Dreaming Eagles #1
Creator & Writer Garth Ennis
Artist Simon Coleby
Colorist John Kalisz
Aftershock comics has quickly become the new Valiant, publishing a small group of high-quality titles by big-name creators. Ultimate Comics has introduced me to Marguerite Bennett’s erotic horror, Insexts, and the Conner-Palmiotti superhero Quixote Super Zero. This week, Garth Ennis publishes Dreaming Eagles, a war story that’s not what you think.
Garth Ennis has a long-standing association with war comics, including a limited series about Nick Fury in Vietnam and a Secret Wars miniseries about fighter pilot The Phantom Eagle. So even though I don’t tend to enjoy historical fiction around World War II, I trusted that he would entertain me with this tale of the Tuskegee Airmen, the first unit of African-American pilots in the US military. I figured it would be heroic and sweeping, with lots of cool sound effects.
But instead, Ennis sets his tale in 1966. Atkinson is a veteran Tuskegee Airman running a quiet little bar somewhere above the Mason-Dixon line and trying hard not to think about his nightmares of sending other human beings to their deaths. His son comes home wounded from a Martin Luther King march, angry that his father isn’t taking an obvious role in the civil rights movement, and they begin a long talk about what happened twenty-four years prior and how that has shaped the way Mr. Atkinson sees race in America. Ennis is able to drop historical data, such as the defeat of Nazi athletes by African-Americans Joe Louis and Jesse Owens, without making a sound, and he’s able to transition into the American racism that kept good men out of military service without losing the importance of his message. It is rare to find anyone who can compare anything to Nazi Germany without looking hysterical, and Ennis does it perfectly.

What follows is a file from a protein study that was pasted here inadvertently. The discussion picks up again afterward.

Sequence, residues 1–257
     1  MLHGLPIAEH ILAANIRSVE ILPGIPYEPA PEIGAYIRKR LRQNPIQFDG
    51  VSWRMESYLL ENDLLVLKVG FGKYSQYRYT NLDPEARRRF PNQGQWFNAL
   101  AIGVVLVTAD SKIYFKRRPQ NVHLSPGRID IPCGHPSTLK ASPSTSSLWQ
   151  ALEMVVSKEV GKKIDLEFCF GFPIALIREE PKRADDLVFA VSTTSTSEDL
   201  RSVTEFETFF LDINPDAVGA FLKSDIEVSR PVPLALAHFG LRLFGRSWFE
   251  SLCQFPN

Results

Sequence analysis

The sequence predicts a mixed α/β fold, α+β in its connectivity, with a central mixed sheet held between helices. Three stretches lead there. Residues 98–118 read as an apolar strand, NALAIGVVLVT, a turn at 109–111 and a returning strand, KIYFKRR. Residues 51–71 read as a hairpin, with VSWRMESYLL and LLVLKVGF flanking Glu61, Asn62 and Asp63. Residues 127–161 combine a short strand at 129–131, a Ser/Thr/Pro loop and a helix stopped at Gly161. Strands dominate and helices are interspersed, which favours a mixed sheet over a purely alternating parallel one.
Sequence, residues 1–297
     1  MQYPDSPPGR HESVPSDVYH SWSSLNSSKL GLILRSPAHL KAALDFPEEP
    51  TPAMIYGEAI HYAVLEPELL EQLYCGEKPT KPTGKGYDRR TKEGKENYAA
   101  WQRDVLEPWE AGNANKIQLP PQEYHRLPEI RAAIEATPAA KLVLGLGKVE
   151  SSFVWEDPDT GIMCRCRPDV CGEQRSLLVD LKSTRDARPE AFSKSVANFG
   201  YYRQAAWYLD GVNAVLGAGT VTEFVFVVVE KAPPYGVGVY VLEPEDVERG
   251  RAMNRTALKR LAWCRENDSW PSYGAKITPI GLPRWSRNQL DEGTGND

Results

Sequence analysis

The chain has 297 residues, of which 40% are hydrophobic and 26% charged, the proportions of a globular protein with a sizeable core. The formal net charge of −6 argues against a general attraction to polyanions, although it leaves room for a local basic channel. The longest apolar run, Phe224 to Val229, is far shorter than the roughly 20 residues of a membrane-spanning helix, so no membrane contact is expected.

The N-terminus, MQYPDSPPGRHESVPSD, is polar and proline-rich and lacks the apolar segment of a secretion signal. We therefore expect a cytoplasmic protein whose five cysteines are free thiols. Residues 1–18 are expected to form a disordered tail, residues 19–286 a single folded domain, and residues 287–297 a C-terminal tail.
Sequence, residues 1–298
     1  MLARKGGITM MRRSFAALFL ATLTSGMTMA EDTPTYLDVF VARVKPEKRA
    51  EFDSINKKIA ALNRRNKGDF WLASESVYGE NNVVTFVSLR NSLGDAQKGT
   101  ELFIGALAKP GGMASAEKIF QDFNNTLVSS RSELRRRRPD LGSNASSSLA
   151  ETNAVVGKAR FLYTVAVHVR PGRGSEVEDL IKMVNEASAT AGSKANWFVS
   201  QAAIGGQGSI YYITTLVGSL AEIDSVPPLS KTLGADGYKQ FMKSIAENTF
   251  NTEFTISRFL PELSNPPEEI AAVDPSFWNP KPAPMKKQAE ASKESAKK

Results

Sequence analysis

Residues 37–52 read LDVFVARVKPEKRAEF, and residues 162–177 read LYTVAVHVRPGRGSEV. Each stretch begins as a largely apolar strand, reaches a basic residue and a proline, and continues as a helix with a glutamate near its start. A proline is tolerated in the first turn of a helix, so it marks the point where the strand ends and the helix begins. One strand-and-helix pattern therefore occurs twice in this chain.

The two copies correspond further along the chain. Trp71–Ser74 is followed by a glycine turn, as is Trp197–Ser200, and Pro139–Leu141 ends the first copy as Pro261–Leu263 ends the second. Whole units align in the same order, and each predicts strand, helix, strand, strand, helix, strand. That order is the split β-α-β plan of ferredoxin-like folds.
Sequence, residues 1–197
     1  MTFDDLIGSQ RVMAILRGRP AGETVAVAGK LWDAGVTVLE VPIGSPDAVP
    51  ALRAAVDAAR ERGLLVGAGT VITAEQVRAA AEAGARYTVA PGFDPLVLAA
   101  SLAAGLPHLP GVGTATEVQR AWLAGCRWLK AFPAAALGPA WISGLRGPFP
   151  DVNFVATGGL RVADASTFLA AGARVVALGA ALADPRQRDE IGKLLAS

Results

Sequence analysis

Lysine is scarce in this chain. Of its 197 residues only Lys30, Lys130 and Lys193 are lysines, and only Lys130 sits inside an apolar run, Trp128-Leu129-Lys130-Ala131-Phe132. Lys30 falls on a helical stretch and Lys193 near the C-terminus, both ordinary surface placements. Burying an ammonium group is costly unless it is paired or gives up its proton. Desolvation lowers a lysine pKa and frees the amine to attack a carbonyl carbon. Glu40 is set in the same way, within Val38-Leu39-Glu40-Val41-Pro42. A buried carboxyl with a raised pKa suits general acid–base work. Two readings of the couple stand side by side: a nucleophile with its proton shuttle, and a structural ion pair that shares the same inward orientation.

For a story with minimal action beyond one four-page nightmare of a plane getting shot down, this comic was gripping. Mr. Atkinson’s view is a surprise in a world where Facebook has made conversations about race more prominent, if not necessarily easier, and I have faith that Garth Ennis can make this man sympathetic even if I don’t agree with his decision to just let segregation keep going and trust races to mind their own businesses. The younger Atkinson is angry but maintains a nobility, respecting his father enough to talk instead of falling into that tired cliche of yelling in a kitchen and storming out. Mrs. Atkinson also plays this incredible go-between role. She won’t undermine her husband’s disciplining of their son, but when they have some privacy, she tells him, “He’s learned things we didn’t, and he has different ideas than us… He doesn’t hate you. He doesn’t disrespect you. It’s just that he’s going to leave home one of these days, and all he’ll have to live his life with is what he’s figured out for himself. Wouldn’t it be good if his father didn’t seem like such a mystery to him?” I want to know everything about her, a character who knows what she’s seeing and is able to force a change by appealing to the humanity of her men rather than yelling at them to make nice.
I thought I didn’t want to read a war story. I hadn’t realized that the war story Ennis wants to tell is the one for racial equality that we still fight today. Aftershock has nailed it again, delivering a near-perfect comic book with nary a cape to be found. Come on by Ultimate Comics in Raleigh or Chapel Hill and get started on this new adventure.
MATT CONNER for Ultimate comics